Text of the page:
Election Day 2013: six of the most riveting votes

In the off-year elections Nov. 5, Americans are voting to elect two governors and 305 mayors and decide numerous ballot initiatives. But it's a slow year for the hot-button "wedge" issues that drive some voters to the polls. Still, important nationwide issues are revealing themselves at state and municipal levels, offering glimpses into evolving social values and political strategies. Here are six of the day's most gripping votes.

Washington State: Label GMO foods?

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    People walk past a sign supporting a ballot initiative in Washington State that would require labeling of foods containing genetically modified ingredients at the Central Co-op in Seattle, Oct. 29, 2013. Major US food and chemical companies are pouring millions of dollars into efforts to block approval of the initiative.
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The fight over whether consumers should be alerted if food contains genetically modified ingredients has become one of the most expensive ballot initiatives in Washington State history, raking in $29 million in contributions from around the globe. Multinational companies Monsanto, General Mills, Pepsi, and Kellogg have led the no-labeling charge, to protect their products from a GMO (genetically modified organism) stigma. They are pitted against Whole Foods, the whimsical Dr. Bronner's soap company, the Center for Food Safety, and the Organic Consumers Association, which argue for giving consumers more information to make purchasing decisions, as information continues to emerge about the potential impacts from genetically modified foods.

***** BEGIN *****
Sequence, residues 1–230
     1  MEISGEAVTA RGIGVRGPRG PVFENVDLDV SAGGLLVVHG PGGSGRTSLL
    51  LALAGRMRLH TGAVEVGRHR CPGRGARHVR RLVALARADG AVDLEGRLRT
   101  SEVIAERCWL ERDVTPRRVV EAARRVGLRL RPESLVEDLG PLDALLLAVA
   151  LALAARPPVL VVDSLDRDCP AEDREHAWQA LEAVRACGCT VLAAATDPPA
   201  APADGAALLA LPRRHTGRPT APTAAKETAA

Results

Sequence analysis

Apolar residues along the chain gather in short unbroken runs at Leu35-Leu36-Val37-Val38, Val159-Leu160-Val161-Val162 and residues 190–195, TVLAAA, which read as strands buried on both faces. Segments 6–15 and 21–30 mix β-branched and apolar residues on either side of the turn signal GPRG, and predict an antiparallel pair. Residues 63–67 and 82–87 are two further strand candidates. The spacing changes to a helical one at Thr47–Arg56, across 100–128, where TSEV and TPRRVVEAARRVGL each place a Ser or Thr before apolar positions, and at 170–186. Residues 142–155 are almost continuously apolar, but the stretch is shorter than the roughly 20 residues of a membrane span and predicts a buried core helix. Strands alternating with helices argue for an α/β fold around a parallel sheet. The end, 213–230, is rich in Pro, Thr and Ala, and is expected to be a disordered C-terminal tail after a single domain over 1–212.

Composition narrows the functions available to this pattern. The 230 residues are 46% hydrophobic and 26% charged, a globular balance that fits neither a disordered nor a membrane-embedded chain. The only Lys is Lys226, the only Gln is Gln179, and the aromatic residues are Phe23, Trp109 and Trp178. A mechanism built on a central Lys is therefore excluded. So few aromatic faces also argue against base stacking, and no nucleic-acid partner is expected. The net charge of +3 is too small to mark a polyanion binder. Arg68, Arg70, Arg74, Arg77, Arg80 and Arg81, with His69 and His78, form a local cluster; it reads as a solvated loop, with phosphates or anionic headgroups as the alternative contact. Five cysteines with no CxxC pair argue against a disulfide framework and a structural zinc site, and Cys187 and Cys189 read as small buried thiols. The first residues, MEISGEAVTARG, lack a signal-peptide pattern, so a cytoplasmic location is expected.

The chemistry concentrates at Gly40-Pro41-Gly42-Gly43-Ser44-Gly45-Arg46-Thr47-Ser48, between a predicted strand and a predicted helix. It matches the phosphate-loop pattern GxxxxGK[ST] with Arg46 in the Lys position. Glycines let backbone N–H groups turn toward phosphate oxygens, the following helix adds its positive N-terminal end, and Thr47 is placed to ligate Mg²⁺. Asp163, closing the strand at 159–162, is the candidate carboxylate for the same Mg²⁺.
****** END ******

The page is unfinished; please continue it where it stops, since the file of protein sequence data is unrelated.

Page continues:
If the initiative succeeds, Washington would become the first state to mandate immediate GMO labeling. The measure enjoyed a broad margin of support until recent weeks, when its heavyweight opponents blasted the state's airwaves with ads warning of rising food prices, if avoidance of the GMO label forces companies to find new ingredients.

A similar measure in California lost last November, after Monsanto produced a last-minute burst of ad money to defeat it. Connecticut and Maine passed GMO labeling laws this summer, but to limit any competitive disadvantage, they will take effect only if and when other states pass similar regulations. 

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